Repainting the PaintView component a few hundred times when the user just draws something on screen is not acceptable. Note that PaintView handles most of the drawing operations and a single repaint requires the redrawing of all annotations including the text notes, which are painted over the PaintView component. The right solution is to obtain a graphic context outside of paint() with getGraphics() when each mouse event is handled:

protected void toolAction(MouseEvent e) {
    e.consume();
    Graphics2D g2 = (Graphics2D) getGraphics();
    float zoomFactor = model.getZoomFactor();
    g2.scale(zoomFactor, zoomFactor);
    float x = e.getX() / zoomFactor;
    float y = e.getY() / zoomFactor;
    currentTool.action(e.getID(), x, y, g2);
    g2.dispose();
}

The PaintView component uses mouse listeners to handle the mouse events. The above method is called for each event, delegating the painting to the currentTool object. When the mouse is released, the repaint() method is called to request the refreshing of the whole component. Therefore, paint() is called only once after the user has finished the drawing of the graphic object. Here is the code that registers the mouse listeners:

protected void registerListeners() {
    addMouseListener(new MouseAdapter() {
        public void mousePressed(MouseEvent e) {
            if (SwingUtilities.isLeftMouseButton(e)) {
                 requestFocus();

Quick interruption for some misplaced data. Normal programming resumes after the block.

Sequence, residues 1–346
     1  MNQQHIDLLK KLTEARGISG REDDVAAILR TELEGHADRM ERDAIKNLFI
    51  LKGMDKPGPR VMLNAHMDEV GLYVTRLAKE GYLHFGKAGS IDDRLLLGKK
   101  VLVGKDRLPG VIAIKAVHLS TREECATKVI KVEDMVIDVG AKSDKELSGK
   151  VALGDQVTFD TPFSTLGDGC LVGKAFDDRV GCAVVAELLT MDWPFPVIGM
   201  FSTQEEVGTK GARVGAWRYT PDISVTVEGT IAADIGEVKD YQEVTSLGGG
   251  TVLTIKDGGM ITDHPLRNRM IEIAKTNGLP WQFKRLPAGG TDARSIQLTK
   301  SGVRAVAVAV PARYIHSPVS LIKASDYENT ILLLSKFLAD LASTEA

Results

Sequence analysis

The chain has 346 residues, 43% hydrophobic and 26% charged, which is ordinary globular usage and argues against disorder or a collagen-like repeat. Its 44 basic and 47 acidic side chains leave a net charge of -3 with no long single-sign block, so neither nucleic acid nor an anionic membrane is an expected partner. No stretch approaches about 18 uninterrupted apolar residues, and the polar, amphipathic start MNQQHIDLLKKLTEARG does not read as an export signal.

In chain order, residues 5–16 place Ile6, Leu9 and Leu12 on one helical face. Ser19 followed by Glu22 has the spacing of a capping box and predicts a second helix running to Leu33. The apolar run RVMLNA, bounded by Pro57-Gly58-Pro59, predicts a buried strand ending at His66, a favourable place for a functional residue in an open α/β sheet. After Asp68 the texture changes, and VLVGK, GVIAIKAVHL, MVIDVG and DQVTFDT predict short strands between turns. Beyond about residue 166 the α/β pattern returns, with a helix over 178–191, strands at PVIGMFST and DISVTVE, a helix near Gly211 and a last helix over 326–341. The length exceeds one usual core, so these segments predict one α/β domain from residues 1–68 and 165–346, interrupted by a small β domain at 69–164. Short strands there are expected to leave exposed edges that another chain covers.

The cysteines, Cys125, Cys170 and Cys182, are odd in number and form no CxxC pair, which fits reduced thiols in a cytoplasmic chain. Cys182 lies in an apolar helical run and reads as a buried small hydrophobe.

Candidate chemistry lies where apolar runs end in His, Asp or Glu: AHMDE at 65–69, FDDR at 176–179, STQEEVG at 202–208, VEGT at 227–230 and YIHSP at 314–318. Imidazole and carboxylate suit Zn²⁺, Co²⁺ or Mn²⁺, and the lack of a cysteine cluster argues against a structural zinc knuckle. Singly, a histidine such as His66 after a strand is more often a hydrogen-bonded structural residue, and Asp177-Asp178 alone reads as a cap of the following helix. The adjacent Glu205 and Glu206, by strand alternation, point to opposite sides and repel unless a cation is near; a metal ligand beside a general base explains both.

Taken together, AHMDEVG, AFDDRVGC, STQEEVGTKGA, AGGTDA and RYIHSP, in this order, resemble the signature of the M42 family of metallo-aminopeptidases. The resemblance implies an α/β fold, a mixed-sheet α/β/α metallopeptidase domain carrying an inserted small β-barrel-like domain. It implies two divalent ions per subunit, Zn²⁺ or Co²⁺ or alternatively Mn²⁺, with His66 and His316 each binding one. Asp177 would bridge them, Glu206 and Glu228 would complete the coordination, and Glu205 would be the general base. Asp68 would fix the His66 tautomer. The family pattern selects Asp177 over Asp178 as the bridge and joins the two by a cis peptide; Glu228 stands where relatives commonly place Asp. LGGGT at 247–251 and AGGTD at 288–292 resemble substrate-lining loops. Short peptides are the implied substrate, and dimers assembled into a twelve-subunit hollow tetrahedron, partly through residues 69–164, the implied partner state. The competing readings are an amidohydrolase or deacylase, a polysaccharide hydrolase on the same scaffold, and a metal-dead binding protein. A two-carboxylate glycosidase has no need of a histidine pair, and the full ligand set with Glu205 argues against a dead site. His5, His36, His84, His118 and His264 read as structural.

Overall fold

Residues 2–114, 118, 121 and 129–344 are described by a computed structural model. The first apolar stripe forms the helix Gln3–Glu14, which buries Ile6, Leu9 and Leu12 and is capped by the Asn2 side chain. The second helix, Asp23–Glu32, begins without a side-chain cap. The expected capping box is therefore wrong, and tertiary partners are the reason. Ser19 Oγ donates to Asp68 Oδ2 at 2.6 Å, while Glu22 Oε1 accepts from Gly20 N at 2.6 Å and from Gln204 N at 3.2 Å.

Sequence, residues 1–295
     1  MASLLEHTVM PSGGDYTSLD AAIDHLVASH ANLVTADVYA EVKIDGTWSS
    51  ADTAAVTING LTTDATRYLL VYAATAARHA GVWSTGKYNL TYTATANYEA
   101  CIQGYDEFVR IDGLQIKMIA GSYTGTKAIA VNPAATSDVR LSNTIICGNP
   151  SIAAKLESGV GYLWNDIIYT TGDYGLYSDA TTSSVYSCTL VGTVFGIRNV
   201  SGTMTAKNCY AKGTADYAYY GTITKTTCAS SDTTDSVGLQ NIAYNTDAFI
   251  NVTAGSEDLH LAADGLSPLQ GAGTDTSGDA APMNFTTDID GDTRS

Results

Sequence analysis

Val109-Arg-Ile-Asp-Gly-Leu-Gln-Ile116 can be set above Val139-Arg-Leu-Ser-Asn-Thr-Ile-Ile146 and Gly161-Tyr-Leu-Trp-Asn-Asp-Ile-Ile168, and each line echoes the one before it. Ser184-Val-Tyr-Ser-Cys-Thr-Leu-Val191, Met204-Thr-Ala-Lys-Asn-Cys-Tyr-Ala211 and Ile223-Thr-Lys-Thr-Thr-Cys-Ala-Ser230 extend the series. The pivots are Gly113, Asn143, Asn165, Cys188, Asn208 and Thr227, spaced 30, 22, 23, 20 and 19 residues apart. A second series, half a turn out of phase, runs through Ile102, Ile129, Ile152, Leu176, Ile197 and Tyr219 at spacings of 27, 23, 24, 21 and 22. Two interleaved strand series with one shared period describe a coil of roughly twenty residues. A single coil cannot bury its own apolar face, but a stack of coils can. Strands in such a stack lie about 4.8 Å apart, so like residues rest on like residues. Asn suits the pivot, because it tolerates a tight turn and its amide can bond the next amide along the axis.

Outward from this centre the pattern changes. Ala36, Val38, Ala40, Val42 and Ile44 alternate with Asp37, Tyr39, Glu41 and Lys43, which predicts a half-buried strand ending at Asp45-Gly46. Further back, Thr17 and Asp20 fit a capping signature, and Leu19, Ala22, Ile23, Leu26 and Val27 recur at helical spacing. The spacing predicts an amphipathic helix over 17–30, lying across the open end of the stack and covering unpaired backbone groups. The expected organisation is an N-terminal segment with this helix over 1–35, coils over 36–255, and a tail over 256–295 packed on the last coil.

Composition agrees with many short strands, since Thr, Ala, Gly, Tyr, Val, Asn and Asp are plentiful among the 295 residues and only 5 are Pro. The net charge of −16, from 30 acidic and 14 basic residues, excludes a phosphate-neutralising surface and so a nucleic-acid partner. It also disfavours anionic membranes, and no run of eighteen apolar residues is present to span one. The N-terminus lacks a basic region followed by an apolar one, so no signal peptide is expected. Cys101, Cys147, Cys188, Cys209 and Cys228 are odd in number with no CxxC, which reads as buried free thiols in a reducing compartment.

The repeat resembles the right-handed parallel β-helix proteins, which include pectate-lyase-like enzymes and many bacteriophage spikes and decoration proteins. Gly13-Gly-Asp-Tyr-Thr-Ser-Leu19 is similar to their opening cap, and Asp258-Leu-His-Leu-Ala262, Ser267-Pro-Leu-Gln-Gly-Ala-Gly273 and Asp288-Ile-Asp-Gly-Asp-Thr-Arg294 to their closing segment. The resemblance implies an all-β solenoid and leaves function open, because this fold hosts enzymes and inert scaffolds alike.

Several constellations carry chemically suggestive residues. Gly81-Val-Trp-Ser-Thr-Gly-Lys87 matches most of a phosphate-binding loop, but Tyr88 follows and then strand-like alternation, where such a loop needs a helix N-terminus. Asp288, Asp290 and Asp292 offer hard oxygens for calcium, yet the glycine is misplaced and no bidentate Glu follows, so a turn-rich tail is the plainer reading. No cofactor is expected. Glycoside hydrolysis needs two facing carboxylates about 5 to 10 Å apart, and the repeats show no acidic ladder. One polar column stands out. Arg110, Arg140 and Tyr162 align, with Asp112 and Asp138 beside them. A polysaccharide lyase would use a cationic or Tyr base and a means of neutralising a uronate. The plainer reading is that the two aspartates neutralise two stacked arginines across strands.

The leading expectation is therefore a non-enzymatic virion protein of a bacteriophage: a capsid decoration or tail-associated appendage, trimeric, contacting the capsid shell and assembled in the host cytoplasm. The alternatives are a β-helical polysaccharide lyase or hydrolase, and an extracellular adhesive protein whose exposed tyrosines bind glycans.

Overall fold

currentTool = model.createTool(
                      AbstractTool.DRAW_STYLE);
                 toolAction(e);
            }
        }
 
        public void mouseReleased(MouseEvent e) {
            if (SwingUtilities.isLeftMouseButton(e)) {
                 toolAction(e);
                 model.setLastTool(currentTool);
                 currentTool = null;
                 repaint();
            }
        }
    });
 
    addMouseMotionListener(new MouseMotionAdapter() {
        public void mouseDragged(MouseEvent e) {
            if (SwingUtilities.isLeftMouseButton(e))
                 toolAction(e);
        }
    });
 
    ...
}

The entire code of the PaintView class will be explained in a future article. The above code fragments are included here only to show how a prototype can be used to make technical decisions. The development of a professional graphic editor would not be possible without the ability to paint outside of paint().

Summary

Prototypes have an important role during the application development process, allowing you to test your ideas and to get user feedback very early. I do not view a prototype as a piece of code that you can throw away when the "real" development starts. Instead, the prototype should be the foundation of your product or application. This means that you should code it carefully, even if some of your classes or methods will be rewritten later. In the later articles of this series, I'll continue to present the source code of the JImaging prototype.

Source Code

Download the source code of the JImaging prototype.

Andrei Cioroianu is the founder of Devsphere and an author of many Java articles published by ONJava, JavaWorld, and Java Developer's Journal.